Many Atheists have embraced the Winter Solstice as a nonreligious celebration of nature and humanity that can be enjoyed by everyone. The Winter Solstice is also celebrated by pagans, Wicca's, Humanists, and others throughout the state.

One Winter Solstice custom dating back to ancient Egyptian and Roman times is the decoration of an evergreen tree, which symbolizes spring's promise to return. The "Solstice tree" was also adopted by Christians, who dubbed it a Christmas tree, but such a display is still recognized by many as a Solstice tree, as it was originally intended.

SB 1577 disregards and disrespects the chosen celebration of millions of Californians. (According to the latest ARIS survey, approximately 17 percent of California's population professes no religious beliefs.)

3. SB 1577 Promotes Christianity in Violation of Federal and State Constitutional Provisions, and Invites Litigation Against the State. Clearly, SB 1577 is intended to promote Christmas and its associated religion Christianity. Such action by the state would lose a legal challenge under both state and federal constitutional provisions.

Renaming the state holiday tree as a Christmas tree creates at a minimum the appearance of preference, and as such would violate the California Constitution's "no preference" clause (Article I, Section IV). Under federal First Amendment provisions, such action would violate at least two of the three prongs of the Supreme Court's Lemon test; such a state action could hardly be construed to have a secular purpose, and it would obviously advance a particular religious creed.

American Atheists is currently involved in two constitutional challenges in federal court, and would consider taking legal action on behalf of our California members if SB 1577 is approved.

For the above reasons, American Atheists is opposed to SB 1577. We strongly urge the Governmental Organization Committee to reject this proposal, which is insensitive to the state's rich diversity, insults celebrants of non-Christian winter holidays, including the winter solstice, and could involve the state in a costly legal challenge.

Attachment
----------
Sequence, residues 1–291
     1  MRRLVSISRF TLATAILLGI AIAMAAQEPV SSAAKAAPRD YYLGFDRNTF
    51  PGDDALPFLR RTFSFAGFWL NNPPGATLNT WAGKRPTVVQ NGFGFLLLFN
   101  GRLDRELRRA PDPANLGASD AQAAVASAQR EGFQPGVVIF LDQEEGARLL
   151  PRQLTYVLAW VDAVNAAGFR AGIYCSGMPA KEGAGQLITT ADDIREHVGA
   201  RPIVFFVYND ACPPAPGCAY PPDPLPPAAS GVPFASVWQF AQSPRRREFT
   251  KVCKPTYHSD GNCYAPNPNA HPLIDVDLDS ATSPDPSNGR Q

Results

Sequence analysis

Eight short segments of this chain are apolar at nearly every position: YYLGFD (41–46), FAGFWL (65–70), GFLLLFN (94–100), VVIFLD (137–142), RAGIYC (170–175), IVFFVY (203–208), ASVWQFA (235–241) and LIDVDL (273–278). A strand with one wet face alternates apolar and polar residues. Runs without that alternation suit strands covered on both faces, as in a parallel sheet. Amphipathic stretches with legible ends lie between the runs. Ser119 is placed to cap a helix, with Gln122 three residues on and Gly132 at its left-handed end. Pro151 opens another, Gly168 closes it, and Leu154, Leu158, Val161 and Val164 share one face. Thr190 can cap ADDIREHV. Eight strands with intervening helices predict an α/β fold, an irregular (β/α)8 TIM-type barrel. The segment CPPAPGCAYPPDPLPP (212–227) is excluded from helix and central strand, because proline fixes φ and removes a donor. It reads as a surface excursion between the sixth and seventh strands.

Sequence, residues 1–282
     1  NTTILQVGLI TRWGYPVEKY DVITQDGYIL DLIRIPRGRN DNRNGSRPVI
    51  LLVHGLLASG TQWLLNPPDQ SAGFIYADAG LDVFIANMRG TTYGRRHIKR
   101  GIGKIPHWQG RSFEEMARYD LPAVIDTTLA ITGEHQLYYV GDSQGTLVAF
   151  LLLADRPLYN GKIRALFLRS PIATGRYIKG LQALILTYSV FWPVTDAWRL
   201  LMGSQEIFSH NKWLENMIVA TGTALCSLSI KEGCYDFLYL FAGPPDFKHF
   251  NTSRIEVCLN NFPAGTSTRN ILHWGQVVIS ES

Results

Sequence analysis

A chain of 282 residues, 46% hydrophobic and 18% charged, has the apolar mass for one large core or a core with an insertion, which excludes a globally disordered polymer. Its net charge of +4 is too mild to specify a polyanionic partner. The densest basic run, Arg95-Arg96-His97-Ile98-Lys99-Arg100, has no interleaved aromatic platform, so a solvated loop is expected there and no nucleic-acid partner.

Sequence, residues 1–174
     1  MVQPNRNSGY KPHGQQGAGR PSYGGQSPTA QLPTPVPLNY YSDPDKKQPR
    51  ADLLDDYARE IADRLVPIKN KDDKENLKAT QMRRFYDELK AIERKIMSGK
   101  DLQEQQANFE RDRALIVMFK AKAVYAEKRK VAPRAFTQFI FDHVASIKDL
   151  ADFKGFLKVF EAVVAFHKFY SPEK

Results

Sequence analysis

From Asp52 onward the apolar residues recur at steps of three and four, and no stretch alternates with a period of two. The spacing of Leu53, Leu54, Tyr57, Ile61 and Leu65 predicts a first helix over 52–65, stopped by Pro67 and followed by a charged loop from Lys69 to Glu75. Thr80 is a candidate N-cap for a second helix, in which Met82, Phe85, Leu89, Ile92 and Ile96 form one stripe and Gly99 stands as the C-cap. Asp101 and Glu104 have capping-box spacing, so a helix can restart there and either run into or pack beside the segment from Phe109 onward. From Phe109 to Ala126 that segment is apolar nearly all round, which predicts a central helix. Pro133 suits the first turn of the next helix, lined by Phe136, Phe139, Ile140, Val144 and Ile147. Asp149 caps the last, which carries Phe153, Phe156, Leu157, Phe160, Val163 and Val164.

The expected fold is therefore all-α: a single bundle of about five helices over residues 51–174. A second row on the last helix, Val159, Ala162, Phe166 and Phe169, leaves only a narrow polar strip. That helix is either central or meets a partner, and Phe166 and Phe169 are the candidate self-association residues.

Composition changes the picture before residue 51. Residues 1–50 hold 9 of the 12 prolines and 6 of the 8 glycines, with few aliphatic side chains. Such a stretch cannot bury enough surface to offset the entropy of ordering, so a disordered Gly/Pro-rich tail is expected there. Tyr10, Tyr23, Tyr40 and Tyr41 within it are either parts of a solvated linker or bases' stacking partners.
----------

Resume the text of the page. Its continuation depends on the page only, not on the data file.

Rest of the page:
Dave Kong, State Director
American Atheists, Inc.


Monday, April 08, 2002

German National Public Radio Transcript

April 8th, 2002

–The Atheist Movement in America

Vorschlag zur Anmoderation:

In einem so religiösen Land wie den USA haben es Atheisten nicht leicht. Nach dem 11. September fühlten sich viele noch mehr ausgegrenzt, diskriminiert oder sogar dämonisiert als zuvor. Aber aus der Betroffenheit entstand ein politischer Wille, die Situation zu verändern. In Kalifornien haben sich die Anfänge einer "Atheistenbewegung" formiert.

(The Moderator:

In as religious a country as the USA, Atheists do not have it easily. After September 11 many still felt more marginalized, discriminated against or even demonized than ever before. But out of the distress a political will developed to change the situation. In California the start of an "Atheist Movement " was formed)

O-Ton: Atheistentreffen (frei stehenlassen)

Soundbites from an Atheist Meeting

"I thought it was important and interesting and even more so since Jeb Bush, the governor- President Bush's brother and they're pushing this whole religious – crap – crap, that's the word - on everybody.” Applause

Atheisten-Meeting in San Francisco. Im Hinterzimmer eines alteingesessenen deutschen Restaurants in der Innenstadt treffen sich an jedem letzten Samstag im Monat die 'San Francisco Atheists'. Eine bunte Mischung von Schwarzen, Weißen und Asiaten im Alter von etwa 20 bis 80 Jahren kommt da zusammen. Bei Schnitzel, Fischfilet mit Remouladensauce und Apfelc zum Nachtisch debattieren die Anwesenden über "Gott und die Welt". Nach dem Essen gehen sie zur Tagesordnung über. Meist spricht dann ein Gastredner zu einem aktuellen Thema. Roseanne Allen erklärt, warum gesellige Treffen dieser Art sehr wichtig sind.

(Speaker: An Atheist meeting in San Francisco. In the back room of a long-established German restaurant in the city center ' San Francisco Atheists 'meet every last Saturday in the month. A multicolored mixture of Black, White and Asian from the ages of approximately 20 to 80 years gathers there. Over Schnitzel, fishfilets & mayonnaise, and applestrudel for dessert those present debate "God and the World". After the meal they turn to an agenda. Usually then a guest speaker speaks on a current topic. Roseanne Allen explains why informal meetings of this type are very important:)